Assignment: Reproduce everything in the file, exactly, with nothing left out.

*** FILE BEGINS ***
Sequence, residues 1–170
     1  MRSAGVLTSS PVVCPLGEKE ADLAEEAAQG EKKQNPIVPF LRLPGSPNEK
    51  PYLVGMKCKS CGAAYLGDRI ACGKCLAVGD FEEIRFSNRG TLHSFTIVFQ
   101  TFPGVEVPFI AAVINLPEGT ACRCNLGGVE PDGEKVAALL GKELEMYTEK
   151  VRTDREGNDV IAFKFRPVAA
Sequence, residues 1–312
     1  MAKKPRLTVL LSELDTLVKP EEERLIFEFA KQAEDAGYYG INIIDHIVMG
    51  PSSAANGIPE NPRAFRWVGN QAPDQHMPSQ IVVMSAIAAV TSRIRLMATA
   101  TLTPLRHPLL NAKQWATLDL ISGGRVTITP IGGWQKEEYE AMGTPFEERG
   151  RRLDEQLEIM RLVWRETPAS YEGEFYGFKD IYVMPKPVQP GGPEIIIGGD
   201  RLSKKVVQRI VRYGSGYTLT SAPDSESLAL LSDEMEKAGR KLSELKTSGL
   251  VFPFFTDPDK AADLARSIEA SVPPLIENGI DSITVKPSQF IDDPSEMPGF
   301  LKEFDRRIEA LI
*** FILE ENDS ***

Sequence, residues 1–170
     1  MRSAGVLTSS PVVCPLGEKE ADLAEEAAQG EKKQNPIVPF LRLPGSPNEK
    51  PYLVGMKCKS CGAAYLGDRI ACGKCLAVGD FEEIRFSNRG TLHSFTIVFQ
   101  TFPGVEVPFI AAVINLPEGT ACRCNLGGVE PDGEKVAALL GKELEMYTEK
   151  VRTDREGNDV IAFKFRPVAA
Sequence, residues 1–312
     1  MAKKPRLTVL LSELDTLVKP EEERLIFEFA KQAEDAGYYG INIIDHIVMG
    51  PSSAANGIPE NPRAFRWVGN QAPDQHMPSQ IVVMSAIAAV TSRIRLMATA
   101  TLTPLRHPLL NAKQWATLDL ISGGRVTITP IGGWQKEEYE AMGTPFEERG
   151  RRLDEQLEIM RLVWRETPAS YEGEFYGFKD IYVMPKPVQP GGPEIIIGGD
   201  RLSKKVVQRI VRYGSGYTLT SAPDSESLAL LSDEMEKAGR KLSELKTSGL
   251  VFPFFTDPDK AADLARSIEA SVPPLIENGI DSITVKPSQF IDDPSEMPGF
   301  LKEFDRRIEA LI